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July 7th, 2018:

Fletcher reports raising $1 million in Q2

Our first story about a strong finance report from the just-ended previous quarter.

Lizzie Fletcher

Lizzie Pannill Fletcher, the Democratic challenger in one of the Texas congressional seats that Democrats hope to flip in November, reported more than $1 million in contributions in the second quarter.

Fletcher is running against longtime GOP Rep. John Culberson in the 7th Congressional District in Houston. Culberson — who was first elected to Congress in 2000 and served on the House Appropriations Committee — has not yet released his second-quarter campaign financial report. His campaign did not respond to requests for comment.

Fletcher’s second-quarter contributions bring her total to more than $2 million. Her campaign currently has almost $800,000 in cash on hand.

After the first quarter, Culberson reported just over $1.5 million total in contributions and about $920,000 in cash on hand. The reporting deadline for the second quarter is July 15.

Here is where everyone was at the end of march. Fletcher’s most recently published report is more recent than that, thanks to the May primary runoff. She had $1,261,314 raised with $391,899 on hand as of 3/31, and $1,441,525 raised with $362,694 on hand as of 5/02. All of that means that she raised about $800K in May and June, which is officially Not Too Shabby. We’ll see how the other reports look – the FEC page isn’t usually fully up to date till the end of the month – but if other candidates are doing well that would add to my point about enthusiasm and fundraising. Dems may not have a lot of money in the statewide races, but between Beto O’Rourke and the Congressional challengers, there will be a lot more money invested in Democratic candidates overall. The Chron has more.

More on the latest Harvey funds

Here’s the full Chron story regarding that allocation of federal Harvey recovery money from Thursday. It wasn’t clear from the Trib story I quoted from, but that levee system is, at least in part, the Ike Dike.

Jim Blackburn of Rice University’s Severe Storm Prediction Education and Evacuation from Disasters (SSPEED) Center said he looked forward to seeing how the $3.9 billion would be appropriated. He said the amount was not nearly enough to fund the “Ike Dike” project, the estimated cost of which runs upwards of $12 billion, but he said the money could be used to build levees on Galveston and Bolivar islands. The corps has not yet approved a design for the coastal spine. A preliminary proposal is expected in the coming months.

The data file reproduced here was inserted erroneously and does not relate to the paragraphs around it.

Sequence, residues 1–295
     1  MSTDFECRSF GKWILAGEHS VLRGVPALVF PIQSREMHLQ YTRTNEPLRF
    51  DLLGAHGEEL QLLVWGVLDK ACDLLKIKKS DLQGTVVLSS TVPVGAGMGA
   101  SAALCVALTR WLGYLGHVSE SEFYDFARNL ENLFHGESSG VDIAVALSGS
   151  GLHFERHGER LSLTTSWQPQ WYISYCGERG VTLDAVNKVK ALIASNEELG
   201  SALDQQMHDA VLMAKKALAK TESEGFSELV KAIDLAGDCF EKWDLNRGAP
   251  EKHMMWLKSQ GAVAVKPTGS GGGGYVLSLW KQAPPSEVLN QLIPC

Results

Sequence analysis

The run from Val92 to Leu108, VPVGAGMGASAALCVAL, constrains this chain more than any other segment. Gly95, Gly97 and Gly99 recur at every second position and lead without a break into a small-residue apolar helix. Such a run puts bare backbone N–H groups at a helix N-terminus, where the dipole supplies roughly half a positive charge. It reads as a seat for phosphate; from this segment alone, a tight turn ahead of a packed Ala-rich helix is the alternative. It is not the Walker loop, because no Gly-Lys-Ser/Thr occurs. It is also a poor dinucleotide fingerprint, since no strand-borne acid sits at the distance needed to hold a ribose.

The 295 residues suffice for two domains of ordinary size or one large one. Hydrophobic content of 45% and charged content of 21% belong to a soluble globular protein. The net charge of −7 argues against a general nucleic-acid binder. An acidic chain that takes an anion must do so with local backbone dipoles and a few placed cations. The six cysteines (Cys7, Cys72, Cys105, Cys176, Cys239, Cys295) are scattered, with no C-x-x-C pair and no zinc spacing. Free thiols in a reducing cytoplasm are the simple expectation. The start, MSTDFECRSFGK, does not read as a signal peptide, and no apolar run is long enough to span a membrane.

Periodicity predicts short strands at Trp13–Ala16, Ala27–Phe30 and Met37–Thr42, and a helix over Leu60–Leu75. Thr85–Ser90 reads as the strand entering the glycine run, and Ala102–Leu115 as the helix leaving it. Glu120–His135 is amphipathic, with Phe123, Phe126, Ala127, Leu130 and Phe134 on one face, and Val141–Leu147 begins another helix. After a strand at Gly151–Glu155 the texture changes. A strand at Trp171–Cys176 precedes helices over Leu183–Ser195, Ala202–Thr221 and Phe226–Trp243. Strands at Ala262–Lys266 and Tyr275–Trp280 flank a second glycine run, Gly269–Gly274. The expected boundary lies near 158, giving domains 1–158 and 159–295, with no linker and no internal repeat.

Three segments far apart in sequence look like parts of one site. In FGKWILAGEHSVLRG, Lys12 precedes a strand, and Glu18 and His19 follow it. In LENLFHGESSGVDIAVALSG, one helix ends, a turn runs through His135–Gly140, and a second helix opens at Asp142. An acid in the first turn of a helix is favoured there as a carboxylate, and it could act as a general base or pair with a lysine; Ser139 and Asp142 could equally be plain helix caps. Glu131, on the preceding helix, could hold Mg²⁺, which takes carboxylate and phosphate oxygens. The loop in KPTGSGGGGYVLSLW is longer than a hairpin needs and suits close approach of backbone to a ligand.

“It is irregular to appropriate funds before the internal Corps review is completed,” Blackburn said. “With the amount of money at about $4 billion, that is not enough to build the gates across Bolivar Roads, but you could build the levees with that amount of money. However, no one knows where the levee is to be placed — on the beach? Raising the roads? Behind the roads on Galveston and Bolivar? Usually there is not such uncertainty.”

There remained a lot of uncertainty about the Houston area’s preparedness for the next big storm after 7 inches of rain fell on parts of Harris County on Wednesday before tapering off in the early afternoon. The 6 inches recorded at Hobby airport set a record for the July 4th holiday, putting nerves on edge in a region still recovering from Harvey’s catastrophic flooding.

Those totals fell short of the rainfall during the Tax Day and Memorial Day floods of 2015 and 2016, which each dumped more than a dozen inches on the area, and well short of Harvey’s 30 to 50 inches. Still, the rain fell hard and quickly Wednesday morning, flooding streets, stranding motorists, spurring Harris County to open its emergency operations center and forcing Houston to cancel its Freedom Over Texas celebration for the first time ever. Skies did clear in time for an evening fireworks show near downtown Houston.

“This was a relatively minor storm that almost reached catastrophic proportions,” Blackburn said. “I don’t think it’s really sunk in that these types of storms will occur more and more often.”